Thoughts on Qualcomm AllJoyn and ARM’s MBED IoT

At Qualcomm’s Uplinq 3 weeks ago, there was an awesome vision talk from Rob Chandhok on AllJoyn, QCOM’s vision for IoT (or IoE as they say). You can see it here.

It was interesting to compare that to the talk by Dave Locke of IBM at the ARM MBED event the following week. This was ARM’s big announcement of MBED branching out to the Cloud and the launch of MBED OS.

The IBM story was hub-and-spoke. Everything goes back to the Cloud. Well, of course. We make servers, software and services…

The Qualcomm story was of a meshy spontaneous web of devices around you that doesn’t necessarily go back to the Cloud, instead often sorting tasks out itself through a combination of smart devices. We make Apps processors!

I like to think of a combination of the two. Spontaneous mesh around you with gateways to the Cloud.

Having used both MBED and AllJoyn, I note that MBED is much easier to use. AllJoyn is an awesome, big, exciting vision. But for me it still fails the printf

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STM MEMs pressure sensor, gyroscope and accelerometer hook up to ARM MBED

I used a header board for an STM MEMS evaluation kit in order to take a look at some common MEMS sensors:

  • LPS301: Pressure and temperature sensor
  • LG3D20: Gyroscope
  • LSM303DLHC: Accelerometer and magnetometer

The header was an STEVAL-MKI124V1 which is designed to work with an STM motherboard evaluation system. I took a shortcut and used it with an ARM MBED board featuring an NXP LPC1768 MBED.

Hook-up using I2C was trivial:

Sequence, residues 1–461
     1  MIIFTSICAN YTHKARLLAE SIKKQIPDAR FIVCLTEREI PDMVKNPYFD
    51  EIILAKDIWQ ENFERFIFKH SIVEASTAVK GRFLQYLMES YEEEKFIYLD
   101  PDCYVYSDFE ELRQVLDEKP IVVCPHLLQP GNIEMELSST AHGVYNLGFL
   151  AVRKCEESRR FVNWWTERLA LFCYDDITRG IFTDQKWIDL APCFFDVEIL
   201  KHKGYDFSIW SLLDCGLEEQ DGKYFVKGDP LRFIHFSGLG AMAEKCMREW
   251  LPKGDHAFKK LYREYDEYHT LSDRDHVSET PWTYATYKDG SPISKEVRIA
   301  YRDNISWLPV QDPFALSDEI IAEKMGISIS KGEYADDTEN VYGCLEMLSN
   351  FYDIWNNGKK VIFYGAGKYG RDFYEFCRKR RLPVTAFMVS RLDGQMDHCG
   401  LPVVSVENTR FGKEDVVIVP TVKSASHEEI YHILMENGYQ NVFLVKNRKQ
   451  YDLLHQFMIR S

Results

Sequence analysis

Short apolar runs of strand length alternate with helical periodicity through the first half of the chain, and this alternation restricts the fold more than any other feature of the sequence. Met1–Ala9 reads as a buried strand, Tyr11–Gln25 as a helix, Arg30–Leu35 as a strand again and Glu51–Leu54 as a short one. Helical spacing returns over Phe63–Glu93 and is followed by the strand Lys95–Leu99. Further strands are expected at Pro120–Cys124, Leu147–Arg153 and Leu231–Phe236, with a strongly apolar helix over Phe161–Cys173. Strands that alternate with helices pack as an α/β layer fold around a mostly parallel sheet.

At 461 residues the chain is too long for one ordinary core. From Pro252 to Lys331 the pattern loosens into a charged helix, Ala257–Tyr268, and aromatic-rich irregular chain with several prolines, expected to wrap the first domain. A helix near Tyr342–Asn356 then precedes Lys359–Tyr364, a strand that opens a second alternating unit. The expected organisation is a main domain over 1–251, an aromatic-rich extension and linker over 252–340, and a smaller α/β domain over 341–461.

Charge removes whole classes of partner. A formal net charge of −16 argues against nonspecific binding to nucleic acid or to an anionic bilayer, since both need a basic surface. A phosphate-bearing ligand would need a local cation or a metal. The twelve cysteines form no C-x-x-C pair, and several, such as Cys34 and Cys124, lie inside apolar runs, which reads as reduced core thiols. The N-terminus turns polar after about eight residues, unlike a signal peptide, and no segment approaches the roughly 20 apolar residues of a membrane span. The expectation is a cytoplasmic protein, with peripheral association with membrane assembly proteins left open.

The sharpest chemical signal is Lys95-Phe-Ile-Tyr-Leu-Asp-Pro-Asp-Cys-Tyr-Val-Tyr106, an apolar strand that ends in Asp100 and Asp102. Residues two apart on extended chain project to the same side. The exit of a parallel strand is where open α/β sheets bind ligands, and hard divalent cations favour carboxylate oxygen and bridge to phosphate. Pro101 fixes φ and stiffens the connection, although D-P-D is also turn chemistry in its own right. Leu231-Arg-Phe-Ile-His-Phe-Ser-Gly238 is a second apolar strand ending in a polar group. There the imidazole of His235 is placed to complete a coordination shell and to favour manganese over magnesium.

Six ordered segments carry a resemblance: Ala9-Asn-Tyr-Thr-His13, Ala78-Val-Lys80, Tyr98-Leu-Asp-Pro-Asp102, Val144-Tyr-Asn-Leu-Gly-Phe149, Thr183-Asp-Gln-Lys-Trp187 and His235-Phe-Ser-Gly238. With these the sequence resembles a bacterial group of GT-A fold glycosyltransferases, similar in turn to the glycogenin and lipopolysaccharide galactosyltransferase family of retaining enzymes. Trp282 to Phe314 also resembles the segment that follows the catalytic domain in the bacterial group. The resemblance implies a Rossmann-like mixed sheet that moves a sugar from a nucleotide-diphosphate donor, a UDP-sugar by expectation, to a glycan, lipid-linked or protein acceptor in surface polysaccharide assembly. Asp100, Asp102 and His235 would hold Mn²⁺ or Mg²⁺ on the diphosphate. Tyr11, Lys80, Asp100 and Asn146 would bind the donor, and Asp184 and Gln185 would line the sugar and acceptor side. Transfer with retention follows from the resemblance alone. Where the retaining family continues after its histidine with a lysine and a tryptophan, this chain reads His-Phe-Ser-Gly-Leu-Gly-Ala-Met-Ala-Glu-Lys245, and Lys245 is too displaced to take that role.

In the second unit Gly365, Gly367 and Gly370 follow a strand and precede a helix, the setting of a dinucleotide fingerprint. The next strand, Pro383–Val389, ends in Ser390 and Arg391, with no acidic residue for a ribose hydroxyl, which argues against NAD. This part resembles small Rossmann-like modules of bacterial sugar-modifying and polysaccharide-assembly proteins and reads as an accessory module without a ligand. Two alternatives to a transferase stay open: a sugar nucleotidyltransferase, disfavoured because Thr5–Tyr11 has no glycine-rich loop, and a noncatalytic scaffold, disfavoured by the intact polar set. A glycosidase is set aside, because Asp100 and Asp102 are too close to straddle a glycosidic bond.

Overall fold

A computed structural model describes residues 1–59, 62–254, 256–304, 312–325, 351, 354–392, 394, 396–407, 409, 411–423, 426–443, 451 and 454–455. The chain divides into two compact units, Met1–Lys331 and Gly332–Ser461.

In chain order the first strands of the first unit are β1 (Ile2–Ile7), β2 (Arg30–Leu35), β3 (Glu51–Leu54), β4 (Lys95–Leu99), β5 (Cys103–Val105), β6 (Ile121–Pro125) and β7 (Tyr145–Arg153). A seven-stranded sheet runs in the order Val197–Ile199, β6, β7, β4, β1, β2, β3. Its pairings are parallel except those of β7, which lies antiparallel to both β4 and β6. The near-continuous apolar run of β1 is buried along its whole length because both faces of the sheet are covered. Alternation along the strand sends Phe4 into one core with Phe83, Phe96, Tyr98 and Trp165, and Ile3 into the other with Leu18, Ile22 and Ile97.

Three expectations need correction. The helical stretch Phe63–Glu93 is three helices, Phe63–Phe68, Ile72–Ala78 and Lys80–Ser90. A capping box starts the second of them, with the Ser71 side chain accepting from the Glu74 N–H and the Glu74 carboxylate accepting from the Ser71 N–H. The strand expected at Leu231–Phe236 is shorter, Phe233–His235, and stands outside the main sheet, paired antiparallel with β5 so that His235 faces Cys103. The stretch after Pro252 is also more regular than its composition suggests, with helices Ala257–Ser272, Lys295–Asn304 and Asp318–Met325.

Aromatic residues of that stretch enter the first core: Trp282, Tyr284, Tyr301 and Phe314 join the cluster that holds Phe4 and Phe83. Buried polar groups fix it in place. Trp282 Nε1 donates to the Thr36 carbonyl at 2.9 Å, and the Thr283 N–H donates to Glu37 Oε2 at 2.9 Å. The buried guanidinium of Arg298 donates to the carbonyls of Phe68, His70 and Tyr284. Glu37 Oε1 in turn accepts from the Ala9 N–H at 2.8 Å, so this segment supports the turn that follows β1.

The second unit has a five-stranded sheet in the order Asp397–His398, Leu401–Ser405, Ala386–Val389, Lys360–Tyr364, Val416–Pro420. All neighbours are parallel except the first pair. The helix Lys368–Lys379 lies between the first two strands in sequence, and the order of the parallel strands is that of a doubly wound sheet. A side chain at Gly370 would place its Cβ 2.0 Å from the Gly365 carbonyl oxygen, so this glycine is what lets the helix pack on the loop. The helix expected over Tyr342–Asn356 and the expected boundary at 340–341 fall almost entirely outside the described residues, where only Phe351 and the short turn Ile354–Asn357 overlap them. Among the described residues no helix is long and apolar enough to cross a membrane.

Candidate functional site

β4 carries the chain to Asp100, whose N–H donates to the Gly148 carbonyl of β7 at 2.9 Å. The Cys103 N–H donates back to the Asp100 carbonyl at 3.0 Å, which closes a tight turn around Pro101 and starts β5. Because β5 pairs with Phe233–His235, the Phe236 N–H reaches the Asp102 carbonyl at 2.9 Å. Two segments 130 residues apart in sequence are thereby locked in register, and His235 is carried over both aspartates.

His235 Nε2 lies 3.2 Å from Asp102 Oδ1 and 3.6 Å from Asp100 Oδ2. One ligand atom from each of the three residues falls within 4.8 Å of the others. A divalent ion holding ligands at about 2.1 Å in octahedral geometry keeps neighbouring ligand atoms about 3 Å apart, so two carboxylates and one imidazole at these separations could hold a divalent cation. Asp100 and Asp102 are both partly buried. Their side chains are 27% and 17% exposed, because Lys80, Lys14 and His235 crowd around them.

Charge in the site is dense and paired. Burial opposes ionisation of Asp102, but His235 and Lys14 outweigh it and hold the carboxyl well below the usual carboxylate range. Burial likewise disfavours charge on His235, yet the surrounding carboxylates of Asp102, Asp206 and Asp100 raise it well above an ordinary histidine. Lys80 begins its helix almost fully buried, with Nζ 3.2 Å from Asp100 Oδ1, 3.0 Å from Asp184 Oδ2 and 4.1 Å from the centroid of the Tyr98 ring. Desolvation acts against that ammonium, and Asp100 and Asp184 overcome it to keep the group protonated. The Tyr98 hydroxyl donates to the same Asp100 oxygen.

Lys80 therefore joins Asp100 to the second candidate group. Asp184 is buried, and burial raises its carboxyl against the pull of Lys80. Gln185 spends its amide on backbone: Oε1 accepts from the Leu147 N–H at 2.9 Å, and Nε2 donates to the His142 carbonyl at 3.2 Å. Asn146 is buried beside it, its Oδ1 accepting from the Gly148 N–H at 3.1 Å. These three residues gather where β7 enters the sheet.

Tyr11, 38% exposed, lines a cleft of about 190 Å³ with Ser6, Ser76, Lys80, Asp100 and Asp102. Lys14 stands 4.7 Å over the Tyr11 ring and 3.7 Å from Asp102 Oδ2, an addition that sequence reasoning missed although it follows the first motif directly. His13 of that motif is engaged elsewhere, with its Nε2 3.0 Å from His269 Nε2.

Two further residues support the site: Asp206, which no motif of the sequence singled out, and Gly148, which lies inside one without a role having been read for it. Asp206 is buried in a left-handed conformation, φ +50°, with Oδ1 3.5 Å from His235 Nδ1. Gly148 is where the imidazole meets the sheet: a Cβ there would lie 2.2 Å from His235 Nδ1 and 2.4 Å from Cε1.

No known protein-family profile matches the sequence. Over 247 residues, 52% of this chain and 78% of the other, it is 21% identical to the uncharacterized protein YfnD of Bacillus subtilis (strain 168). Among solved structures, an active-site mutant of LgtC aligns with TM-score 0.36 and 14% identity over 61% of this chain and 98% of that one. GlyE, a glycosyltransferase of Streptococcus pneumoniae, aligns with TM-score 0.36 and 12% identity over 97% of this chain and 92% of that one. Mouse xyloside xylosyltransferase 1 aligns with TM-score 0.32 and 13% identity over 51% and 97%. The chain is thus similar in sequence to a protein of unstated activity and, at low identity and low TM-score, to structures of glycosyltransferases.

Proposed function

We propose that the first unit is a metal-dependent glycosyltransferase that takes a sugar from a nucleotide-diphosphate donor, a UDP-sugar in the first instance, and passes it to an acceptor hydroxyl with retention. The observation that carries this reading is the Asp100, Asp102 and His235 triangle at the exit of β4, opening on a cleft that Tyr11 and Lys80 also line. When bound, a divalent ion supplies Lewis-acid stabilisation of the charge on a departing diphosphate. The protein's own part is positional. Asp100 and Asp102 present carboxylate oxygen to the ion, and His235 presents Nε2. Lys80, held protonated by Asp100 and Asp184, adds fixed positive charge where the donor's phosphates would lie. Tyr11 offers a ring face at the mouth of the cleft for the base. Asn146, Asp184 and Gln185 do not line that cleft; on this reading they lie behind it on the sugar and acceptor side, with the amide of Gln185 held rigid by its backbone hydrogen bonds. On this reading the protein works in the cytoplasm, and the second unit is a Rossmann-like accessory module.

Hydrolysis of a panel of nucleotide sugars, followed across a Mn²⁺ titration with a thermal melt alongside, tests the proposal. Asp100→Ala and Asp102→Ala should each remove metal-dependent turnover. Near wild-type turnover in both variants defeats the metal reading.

Screen Shot 2014-08-10 at 9.37.23 PM

The schematic for the evaluation board is here:

The orientation of the sensors on the board is like this:

Screen Shot 2014-08-10 at 9.38.10 PM

MBED-based code I write to drive the I2C is on the MBED website here

The code sets up each of the sensors and then provides a continuous output of temperature, pressure and orientation. Rather than optimize for performance or efficiency, the code here is intended to show clearly how to access the sensors.

An interesting twist was to use the linear accelerometer to find the vector of the earth’s gravitational field (i.e. down) and to use that to make a tilt-adjusted compass. Algorithm

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Using MBED SPI to drive Analog Devices AD9850 frequency synthesizer

I was looking for a way to test the frequency response of a new oscilloscope.

Analog Devices has a nice IC that can produce a digitally synthesized sine wave of frequency between 0 and about 70 MHz. AD9850 link is here.

The quickest way to throw together a prototype was using an MBED platform. My code is here

What made things even easier was the availability of ready-to-go evaluation boards from China on Ebay for less than $5. This is the one I used.

This design is limited to about 40MHz if you want a clean signal without aliasing.

Frequency and phase are set by a 40-bit command that has:

  • 32-bit frequency setting
  • 5-bit phase setting
  • 1-bit power up/down
  • 2-bits factory debug access

MBED_SPI packet

Output frequency is given by: fOUT = (frq × CLKIN)/(2^32)

where frq is the 32-bit frequency and CLKIN is the frequency of the on-board crystal (125MHz in this case) So, for example 0x147AE148 is 10MHz.

Frequency resolution has a step size of 29KHz with the 125MHz clock.

You can also change phase in increments of 180°, 90°, 45°, 22.5°, 11.25° or any combination thereof using

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